After a brief bit of text on each subject, the book has charts, forms and journal pages for the reader to fill in. The “Snapshot of Your Week” form, for example, has the participant noting what activities fill their time for one week, 24/7. Another form guides readers in discovering who the people of influence in their lives are. The chapter “Life’s Work” concludes with a “Lifeline Goal-setting Plan—Seasons of Life” chart, which gathers the observations and conclusions participants have made from previous chapters into one record/activity/goal chart that can be kept through the years—literally the seasons of life.

Next Step is a beautiful publication, but I found it a bit thin on content. About seventy of the book’s 128 pages are blank journal pages or duplicates of charts and forms introduced in the various chapters.

The charts and forms are excellent, however, in the way they are designed to give the participant a snapshot of his or her use of time, people of influence, core beliefs, goals, and dreams.

More examples of what the author expected as responses in some of the areas would have been helpful (like he did give for the “Lifeline Goal-setting Plan—Seasons of Life” chart, p. 62). Though the journal pages, with their question prompts are self-explanatory, I was never sure what process he expected the reader to go through to fill out the numerous “Conversations with God” sections. His instructions read:

“What’s God saying to you? Use this section as a notebook to make a complete record of your conversations with God.”

Does he expect the reader to sit quietly and listen for an audible voice, or a voice in one’s head, or God’s instructions from Scripture passages? The closest I came to finding help in this area was in the chapter “Faith” where he seems to presume that his readers will have a prior knowledge of scripture and a conscience trained by it:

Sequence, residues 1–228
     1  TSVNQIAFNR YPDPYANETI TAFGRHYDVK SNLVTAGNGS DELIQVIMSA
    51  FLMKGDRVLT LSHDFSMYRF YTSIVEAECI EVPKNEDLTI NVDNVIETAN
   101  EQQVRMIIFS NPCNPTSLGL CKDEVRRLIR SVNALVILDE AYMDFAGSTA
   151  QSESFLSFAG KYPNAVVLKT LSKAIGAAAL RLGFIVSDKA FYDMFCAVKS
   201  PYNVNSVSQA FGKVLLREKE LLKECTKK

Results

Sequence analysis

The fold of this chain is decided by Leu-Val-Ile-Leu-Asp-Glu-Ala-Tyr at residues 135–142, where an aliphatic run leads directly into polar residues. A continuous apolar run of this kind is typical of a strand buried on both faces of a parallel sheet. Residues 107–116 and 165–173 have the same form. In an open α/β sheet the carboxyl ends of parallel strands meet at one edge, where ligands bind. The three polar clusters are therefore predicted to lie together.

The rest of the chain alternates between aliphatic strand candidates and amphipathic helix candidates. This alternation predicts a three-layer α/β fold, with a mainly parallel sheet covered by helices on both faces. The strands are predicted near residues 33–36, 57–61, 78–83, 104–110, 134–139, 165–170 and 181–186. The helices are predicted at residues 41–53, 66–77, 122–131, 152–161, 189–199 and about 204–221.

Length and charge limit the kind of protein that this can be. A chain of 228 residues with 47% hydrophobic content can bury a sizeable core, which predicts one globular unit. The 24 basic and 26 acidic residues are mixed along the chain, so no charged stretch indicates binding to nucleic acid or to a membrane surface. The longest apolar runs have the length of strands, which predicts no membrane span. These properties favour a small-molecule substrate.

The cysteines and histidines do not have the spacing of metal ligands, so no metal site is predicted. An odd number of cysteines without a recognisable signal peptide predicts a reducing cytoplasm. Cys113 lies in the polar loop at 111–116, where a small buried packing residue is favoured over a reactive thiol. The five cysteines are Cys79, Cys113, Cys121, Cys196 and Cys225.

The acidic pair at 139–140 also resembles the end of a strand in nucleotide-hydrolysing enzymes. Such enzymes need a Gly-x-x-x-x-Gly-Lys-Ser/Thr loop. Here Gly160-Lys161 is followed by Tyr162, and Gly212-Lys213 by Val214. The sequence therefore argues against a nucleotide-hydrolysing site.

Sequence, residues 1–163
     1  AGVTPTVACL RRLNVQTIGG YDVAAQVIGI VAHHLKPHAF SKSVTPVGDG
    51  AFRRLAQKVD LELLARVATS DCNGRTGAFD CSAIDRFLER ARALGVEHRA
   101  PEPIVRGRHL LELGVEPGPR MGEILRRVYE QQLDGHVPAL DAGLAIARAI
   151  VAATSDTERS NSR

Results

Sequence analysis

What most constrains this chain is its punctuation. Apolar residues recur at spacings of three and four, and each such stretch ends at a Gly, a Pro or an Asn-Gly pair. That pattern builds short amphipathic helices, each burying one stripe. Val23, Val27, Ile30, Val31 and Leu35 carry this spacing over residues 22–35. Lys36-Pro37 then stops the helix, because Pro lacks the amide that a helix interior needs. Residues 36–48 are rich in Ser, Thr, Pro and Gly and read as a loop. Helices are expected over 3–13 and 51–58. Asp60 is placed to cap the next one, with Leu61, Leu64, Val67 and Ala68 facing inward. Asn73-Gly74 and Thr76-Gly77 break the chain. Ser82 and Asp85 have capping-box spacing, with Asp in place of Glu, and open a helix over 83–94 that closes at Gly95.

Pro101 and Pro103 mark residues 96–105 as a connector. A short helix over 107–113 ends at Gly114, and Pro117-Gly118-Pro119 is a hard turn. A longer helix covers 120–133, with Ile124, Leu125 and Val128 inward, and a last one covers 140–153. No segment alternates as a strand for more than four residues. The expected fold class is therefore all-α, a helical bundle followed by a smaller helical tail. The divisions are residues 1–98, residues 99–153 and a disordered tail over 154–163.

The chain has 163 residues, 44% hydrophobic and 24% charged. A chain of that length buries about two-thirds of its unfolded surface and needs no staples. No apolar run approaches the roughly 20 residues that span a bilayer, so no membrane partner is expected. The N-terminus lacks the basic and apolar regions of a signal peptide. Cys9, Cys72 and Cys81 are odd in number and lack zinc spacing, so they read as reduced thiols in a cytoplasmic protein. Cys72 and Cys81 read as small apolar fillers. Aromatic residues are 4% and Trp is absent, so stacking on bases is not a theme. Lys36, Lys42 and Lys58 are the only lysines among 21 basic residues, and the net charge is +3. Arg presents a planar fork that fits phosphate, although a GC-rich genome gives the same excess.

“God has spoken to us and asked us to follow His word, but at times we need to simplify things and get to the true meaning of what is being asked of us. …This is not as hard as we make it out to be. It just has to occur one thought—indeed one step—at a time, because our actions help us to differentiate good from bad. At the very moment we do something bad, we move away from God’s truth. Most times we intrinsically know this in our hearts” – p. 33.

More specific instructions on how one converses with God would have been helpful. Without them, I felt this part of the program could become an exercise in whatever—listening to oneself, visualization, even opening oneself up to spiritual error, as the participant is never instructed to check what he or she hears against the clear communication God has given us about His will in the Bible.

Altogether, however, this is a valuable and concise program designed to give participants information about their individual lives and the desire and impetus to make God-centered changes and improvements, no matter what their age.

I received Next Step as a gift from publicist Maryglenn McCombs for the purpose of writing a review.

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Reimagine Your Retirement (review)

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Reimagine Your Retirement: How to Live Life to Its Fullest and Leave a Lasting LegacyReimagine Your Retirement: How to Live Life to Its Fullest and Leave a Lasting Legacy by Joyce y Li

My rating: 5 of 5 stars

How do you view your retirement? As a time of relaxation and indulgence? As a dreaded time of uselessness and idleness? Or as an opportunity to rediscover your passions and live them out in the years you have left?

In Reimagine Your Retirement: How to Live Life to its Fullest and Leave a Lasting Legacy, author Joyce Y. Li challenges new and soon-to-be retiring members of the baby boomer generation to tackle this phase of life with reflection and intention.

Parts One and Two of the book (“Recognize the Many Possibilities” and “Living Your Best”) provide a background to help readers consider what retirement means in North American culture, how the process of aging impacts one’s latter years, and why it’s important to approach this time with a plan.

Part Three (“Discovering Yourself”) discusses the Bible’s view of life in general and old age in particular. It includes numerous self-tests designed to help readers discover their gifts, strengths, and interests with a view to setting a course and defining goals that will give meaning and purpose to retirement years.